FinCEN Explains BSA Enforcement Policy

Christian Larson Commentary by Christian Larson

FinCEN described the criteria it considers when deciding whether to bring an enforcement action under the Bank Secrecy Act ("BSA").

In its statement, FinCEN emphasized that it will bring an enforcement action only where there has been a violation of statutes or regulations and that it will not bring an enforcement action based on noncompliance with standards of conduct that are set out only in regulatory guidance.

FinCEN said it considers both compliance with the registration, recordkeeping and reporting requirements of the BSA, and the sufficiency of a firm's AML program. In addition, FinCEN said it considers the following factors when evaluating how to proceed:

  • the nature and gravity of the violations;

  • the impact of the violations on FinCEN's efforts to protect the financial system and promote national security;

  • the pervasiveness of the violations and any complicity of management;

  • a firm's prior history of misconduct;

  • any financial gain resulting from the violations;

  • whether the firm took prompt corrective action upon discovery of the violations;

  • whether the firm timely and voluntarily disclosed the violations;

  • the quality and extent of cooperation with FinCEN, including with regard to wrongdoing by directors, officers and employees;

  • the degree to which the violations are systemic; and

  • any enforcement actions taken by other agencies for related activity.

FinCEN's statement was issued shortly after the release of a joint statement on the same subject by the Federal Reserve Board, the FDIC, the National Credit Union Administration and the OCC (see previous coverage).


Christian Larson

Following on the heels of last week's joint statement on enforcement by the Federal Reserve Board, FDIC, National Credit Union Administration and OCC, FinCEN's enforcement policy description is notable for several reasons. First, it underscores FinCEN's role in BSA enforcement as "administrator of the BSA" and that Federal functional regulators (such as those that issued last week's statement) merely "may" have their own enforcement authority.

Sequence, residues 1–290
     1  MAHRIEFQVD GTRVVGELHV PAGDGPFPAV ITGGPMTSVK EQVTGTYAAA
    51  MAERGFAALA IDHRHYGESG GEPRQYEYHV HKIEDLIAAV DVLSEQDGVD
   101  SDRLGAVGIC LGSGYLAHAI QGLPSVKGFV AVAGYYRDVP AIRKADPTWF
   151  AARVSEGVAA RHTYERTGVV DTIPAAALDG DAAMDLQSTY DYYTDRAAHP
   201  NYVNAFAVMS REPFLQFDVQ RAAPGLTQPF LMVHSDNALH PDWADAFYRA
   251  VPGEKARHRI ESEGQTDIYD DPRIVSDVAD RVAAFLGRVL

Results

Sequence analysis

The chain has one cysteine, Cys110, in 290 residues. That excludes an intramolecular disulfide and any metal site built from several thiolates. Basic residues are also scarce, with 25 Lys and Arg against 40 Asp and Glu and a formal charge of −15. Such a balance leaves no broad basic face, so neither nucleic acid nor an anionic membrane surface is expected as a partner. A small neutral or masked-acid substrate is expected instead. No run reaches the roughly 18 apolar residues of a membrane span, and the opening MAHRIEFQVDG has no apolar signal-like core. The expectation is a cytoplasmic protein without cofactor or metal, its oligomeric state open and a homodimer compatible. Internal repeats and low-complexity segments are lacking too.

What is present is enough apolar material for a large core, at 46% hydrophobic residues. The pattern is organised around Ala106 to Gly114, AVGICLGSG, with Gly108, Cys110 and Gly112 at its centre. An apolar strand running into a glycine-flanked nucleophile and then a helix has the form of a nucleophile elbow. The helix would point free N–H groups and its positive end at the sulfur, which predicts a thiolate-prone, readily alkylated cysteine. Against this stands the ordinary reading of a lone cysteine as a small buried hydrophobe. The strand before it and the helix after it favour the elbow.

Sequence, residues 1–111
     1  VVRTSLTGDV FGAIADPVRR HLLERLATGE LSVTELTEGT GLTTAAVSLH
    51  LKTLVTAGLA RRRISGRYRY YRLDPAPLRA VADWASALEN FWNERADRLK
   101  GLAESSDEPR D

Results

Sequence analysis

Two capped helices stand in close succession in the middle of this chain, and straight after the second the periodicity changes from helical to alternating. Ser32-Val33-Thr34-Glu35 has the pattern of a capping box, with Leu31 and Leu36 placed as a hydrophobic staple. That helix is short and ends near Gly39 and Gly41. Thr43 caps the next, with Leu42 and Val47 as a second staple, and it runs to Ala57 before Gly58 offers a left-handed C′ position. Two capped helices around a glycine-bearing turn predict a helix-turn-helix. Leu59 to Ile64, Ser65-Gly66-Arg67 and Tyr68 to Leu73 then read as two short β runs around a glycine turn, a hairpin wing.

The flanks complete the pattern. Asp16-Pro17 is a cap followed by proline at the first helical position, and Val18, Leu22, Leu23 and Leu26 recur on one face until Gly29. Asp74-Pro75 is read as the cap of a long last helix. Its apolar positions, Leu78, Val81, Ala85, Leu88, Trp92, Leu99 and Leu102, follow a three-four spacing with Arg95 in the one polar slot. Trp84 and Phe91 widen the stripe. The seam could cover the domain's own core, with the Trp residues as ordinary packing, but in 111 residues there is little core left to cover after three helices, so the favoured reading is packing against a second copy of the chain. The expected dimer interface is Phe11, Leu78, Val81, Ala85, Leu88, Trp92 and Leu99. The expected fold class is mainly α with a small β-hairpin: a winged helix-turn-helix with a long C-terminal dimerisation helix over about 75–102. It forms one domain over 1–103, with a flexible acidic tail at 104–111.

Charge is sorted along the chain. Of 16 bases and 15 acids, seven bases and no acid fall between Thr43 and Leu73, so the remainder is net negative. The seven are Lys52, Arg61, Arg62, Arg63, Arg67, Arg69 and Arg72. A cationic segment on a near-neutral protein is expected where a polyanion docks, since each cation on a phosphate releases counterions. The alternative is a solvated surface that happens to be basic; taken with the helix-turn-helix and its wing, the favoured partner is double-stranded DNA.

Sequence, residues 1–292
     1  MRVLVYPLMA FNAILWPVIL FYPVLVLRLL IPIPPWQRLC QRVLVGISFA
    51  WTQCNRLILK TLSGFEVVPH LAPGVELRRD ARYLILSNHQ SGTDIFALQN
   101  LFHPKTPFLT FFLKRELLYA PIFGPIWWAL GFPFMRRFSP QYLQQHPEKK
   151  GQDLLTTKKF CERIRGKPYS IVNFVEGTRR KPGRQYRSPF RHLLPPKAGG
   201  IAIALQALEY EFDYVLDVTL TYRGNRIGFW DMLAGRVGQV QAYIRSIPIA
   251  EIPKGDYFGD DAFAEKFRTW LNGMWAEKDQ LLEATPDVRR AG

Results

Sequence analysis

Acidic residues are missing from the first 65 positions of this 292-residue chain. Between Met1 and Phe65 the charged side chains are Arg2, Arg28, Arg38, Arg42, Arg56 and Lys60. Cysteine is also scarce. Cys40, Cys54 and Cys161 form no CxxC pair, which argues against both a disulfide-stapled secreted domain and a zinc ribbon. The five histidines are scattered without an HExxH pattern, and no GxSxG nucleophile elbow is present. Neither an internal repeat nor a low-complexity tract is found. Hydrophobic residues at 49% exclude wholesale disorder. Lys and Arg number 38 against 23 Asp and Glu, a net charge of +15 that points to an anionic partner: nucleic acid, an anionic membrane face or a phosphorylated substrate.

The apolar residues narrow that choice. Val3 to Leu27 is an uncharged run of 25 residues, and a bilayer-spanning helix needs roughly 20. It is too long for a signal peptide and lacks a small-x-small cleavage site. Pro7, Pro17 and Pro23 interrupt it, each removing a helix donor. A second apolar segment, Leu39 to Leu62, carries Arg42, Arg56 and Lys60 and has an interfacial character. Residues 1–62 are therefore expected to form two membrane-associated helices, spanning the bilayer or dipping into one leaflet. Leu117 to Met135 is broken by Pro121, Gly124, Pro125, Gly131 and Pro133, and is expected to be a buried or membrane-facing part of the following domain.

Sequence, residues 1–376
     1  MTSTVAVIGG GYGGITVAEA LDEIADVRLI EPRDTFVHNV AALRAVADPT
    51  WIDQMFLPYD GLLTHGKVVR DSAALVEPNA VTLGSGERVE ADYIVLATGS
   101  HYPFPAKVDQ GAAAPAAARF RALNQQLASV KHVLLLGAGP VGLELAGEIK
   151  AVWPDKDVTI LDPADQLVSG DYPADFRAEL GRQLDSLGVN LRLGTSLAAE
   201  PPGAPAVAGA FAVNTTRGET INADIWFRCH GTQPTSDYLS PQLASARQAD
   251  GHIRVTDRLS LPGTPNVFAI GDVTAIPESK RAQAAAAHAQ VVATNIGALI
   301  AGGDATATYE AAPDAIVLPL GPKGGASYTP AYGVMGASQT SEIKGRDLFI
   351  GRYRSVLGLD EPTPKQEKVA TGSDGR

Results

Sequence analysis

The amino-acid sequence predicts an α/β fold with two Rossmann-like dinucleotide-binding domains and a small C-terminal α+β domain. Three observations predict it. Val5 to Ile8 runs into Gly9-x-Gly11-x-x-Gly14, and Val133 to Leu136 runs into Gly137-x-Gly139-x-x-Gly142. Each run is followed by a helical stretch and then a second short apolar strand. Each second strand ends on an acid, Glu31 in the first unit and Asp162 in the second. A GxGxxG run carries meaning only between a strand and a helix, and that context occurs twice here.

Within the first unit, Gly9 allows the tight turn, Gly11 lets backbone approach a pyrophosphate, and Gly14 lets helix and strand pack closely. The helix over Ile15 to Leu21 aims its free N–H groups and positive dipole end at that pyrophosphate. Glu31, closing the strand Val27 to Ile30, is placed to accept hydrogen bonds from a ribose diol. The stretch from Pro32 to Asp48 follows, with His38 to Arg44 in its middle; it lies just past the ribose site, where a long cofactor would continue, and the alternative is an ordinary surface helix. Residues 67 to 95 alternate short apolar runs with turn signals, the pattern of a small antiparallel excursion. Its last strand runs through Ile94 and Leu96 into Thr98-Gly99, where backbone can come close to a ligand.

Second, FinCEN makes explicit its authority to take enforcement action against individuals associated with financial institutions. Among the factors FinCEN considers is whether a financial institution cooperates with FinCEN "as to potential wrongdoing by its directors, officers [and] employees" - a statement that calls to mind the Department of Justice's policies on individual accountability for corporate wrongdoing.

Third, FinCEN places very few limitations on its ability to enforce violations. Financial institutions (and their directors, officers and employees) should bear in mind that BSA enforcement does not end with their Federal functional regulators; FinCEN's BSA enforcement authority, which the agency interprets broadly, may be exercised independently.

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